If the hunter on your list is in need of a quality and affordable rangefinder, then check out the Bushnell Truth. If your budget has a little wiggle room and you’re looking for some additional features as well as a backlit display, check out the Bushnell G-Force 1300 Laser Rangefinder which retails at $399.99.

Nikon P-223 3x32mm BDC Carbine Scope

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A few months ago I tested this outstanding, simple, and inexpensive AR-15 style scout rifle optic, and it performed marvelously. The simple fixed power 3X magnification allows plenty of peripheral vision on short range shots and still has enough magnification for me to put hits on the 12” steel targets at 500 yards using the built in BDC (Bullet Drop Compensating) reticle with 200, 400, and 600 yard hash marks esigned specifically for the ballistics of the .223 and 5.56 NATO rounds. The idea of the scope is to deliver a light and small optic to match the same traits of typical AR-15 Carbine rifles. The glass is fully multicoated and is nitrogen filled for ultimate clarity, and the o-ring seal makes this scope waterproof and fogproof.

  • Magnification: 3x
  • Objective: 32mm
  • Eye Relief: 3.4in
  • FOV at 100 yards: 35.6 feet
  • Diameter: 1 inch
  • Length: 8.1 inches
  • Weight: 11.2 oz

Nikon RifleHunter 1000 Rangefinder

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You have just spend $300 on new camo, $100 on premium match ammo, and probably $1,000 to get to from and into the hunt; you’ve also carefully zeroed your rifle and know what it can do at each known distance. With all of that invested, why risk a shot at an unknown distance?

The RifleHunter 1000 features a 1,000-yard range and extremely accurate .1 yard display readings on game, even if partially screened by grass or brush. The Riflehunter offers a larger ocular for easy viewing, a wider field of view, and the new Active Brightness Control Viewfinder for enhanced readability. It also features a waterproof/fog-proof body, Nikon’s ID technology, Active Brightness Control, and multicoated 6x optics.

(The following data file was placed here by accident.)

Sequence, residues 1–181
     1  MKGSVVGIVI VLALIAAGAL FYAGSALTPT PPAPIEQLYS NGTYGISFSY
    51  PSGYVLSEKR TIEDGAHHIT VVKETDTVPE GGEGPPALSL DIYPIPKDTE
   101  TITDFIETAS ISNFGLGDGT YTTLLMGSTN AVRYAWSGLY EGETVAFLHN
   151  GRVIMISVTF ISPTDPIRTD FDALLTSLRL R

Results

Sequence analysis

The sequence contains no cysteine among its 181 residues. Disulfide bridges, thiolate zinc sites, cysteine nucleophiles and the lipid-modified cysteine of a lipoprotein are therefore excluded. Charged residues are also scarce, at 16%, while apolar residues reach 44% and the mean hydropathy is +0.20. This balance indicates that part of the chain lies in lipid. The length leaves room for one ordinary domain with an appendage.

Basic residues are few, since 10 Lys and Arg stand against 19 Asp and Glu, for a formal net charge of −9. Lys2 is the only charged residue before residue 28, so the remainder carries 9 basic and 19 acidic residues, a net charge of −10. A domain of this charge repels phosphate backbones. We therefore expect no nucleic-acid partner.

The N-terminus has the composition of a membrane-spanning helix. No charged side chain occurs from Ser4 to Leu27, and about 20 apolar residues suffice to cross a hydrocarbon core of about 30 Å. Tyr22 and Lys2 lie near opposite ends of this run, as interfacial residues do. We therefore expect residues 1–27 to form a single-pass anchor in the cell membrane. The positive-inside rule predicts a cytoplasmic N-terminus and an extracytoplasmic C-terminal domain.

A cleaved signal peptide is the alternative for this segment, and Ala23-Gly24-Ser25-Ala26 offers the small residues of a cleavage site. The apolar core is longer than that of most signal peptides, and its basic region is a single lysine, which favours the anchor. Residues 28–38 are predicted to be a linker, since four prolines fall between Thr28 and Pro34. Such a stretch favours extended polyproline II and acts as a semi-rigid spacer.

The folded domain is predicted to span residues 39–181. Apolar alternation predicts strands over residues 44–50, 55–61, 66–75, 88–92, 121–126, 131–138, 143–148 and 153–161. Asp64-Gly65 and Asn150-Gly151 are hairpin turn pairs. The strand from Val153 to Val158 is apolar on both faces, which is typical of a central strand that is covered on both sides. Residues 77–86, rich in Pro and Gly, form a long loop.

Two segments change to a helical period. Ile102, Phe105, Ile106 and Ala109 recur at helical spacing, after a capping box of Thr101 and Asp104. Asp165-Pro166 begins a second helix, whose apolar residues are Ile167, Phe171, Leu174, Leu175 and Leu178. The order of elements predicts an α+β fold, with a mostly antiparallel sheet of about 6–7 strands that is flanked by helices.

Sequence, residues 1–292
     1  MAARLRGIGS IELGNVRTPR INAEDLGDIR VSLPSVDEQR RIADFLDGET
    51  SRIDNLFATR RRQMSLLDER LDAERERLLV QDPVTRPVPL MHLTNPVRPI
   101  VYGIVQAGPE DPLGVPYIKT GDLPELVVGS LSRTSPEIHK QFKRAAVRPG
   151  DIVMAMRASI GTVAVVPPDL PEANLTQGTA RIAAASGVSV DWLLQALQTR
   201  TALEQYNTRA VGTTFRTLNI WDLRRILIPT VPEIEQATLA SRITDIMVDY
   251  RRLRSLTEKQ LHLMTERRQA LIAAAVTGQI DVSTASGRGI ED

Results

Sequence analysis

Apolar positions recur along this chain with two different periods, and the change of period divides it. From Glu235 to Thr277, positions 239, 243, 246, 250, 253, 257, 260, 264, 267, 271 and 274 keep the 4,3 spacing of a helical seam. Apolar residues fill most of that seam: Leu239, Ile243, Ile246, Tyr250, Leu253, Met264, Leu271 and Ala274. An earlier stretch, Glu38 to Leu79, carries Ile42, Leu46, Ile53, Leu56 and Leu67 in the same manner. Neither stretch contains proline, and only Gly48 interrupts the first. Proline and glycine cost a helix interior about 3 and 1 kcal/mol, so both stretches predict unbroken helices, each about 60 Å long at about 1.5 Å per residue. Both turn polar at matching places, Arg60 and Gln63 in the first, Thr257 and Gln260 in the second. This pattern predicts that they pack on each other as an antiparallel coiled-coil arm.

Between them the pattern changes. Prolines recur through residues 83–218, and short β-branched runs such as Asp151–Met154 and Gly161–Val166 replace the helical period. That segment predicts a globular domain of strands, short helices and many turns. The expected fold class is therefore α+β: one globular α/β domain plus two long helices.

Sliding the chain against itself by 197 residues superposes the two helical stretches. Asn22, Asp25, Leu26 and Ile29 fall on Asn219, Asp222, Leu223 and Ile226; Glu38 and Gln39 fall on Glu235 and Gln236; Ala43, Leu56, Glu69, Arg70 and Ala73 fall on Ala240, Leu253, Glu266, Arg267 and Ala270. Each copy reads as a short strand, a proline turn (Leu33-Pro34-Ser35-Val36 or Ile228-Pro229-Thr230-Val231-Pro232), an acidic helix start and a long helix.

Easy single-button operation gives you the true ballistic shooting distance versus actual distance based the angle of the shot, so you will be dead on target regardless of what angle you are shooting from. This has become by favorite hunting and shooting tool to assure I have the right distance each and every shot.

  • Measurement Range: 11-1,000 yards
  • Magnification: 6x
  • Eye Relief: 18.3mm
  • Size (LxHxW): 4.6″x1.6″x2.9″
  • Power Source: 1 CR2 lithium (included)
  • Weight (w/o batteries): 6.9 oz.
  • Objective Diameter: 21mm

Nikon RifleHunter 1000 Rangefinder: Click Here

Trijicon ACOG 3.5×35 Dual Illuminated Red Horseshoe Rifle

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Ok, so we went a little nuts by including a $1,200 optic on a Christmas gift list — but hey, maybe you want to buy a little something for yourself. Or in this case, a lot of something.

This Trijicon ACOG is no joke, and in fact it’s probably overkill for everyone who isn’t going into combat in the most demanding conditions. That said, for the preppers among us who figure they may end up wielding their AR-15 in a without-rule-of-law (WROL) situation, the ACOG is where it’s at.

This particular ACOG is fixed-power, just like our boys in the military use (although they often use the 4X magnification). The magnification is high enough to take shots well past 500 yards, but it’s not so high that if you’re surprised by an angry hog up-close that it’s going to be impossible to find him in the optic.

The “dual-illuminated” part of this product is a reference to the fact that it uses two power sources to illuminate its reticle: Tritium, and the Sun. Both of these power sources are good for years and years of no-battery operation, which is another reason that the ACOG is the optic of choice for preppers and the military.

So yeah, if you want your giftee to just completely flip out on Christmas morning, leave one of these bad-boys under the tree, but be sure to film the resulting fireworks for posterity.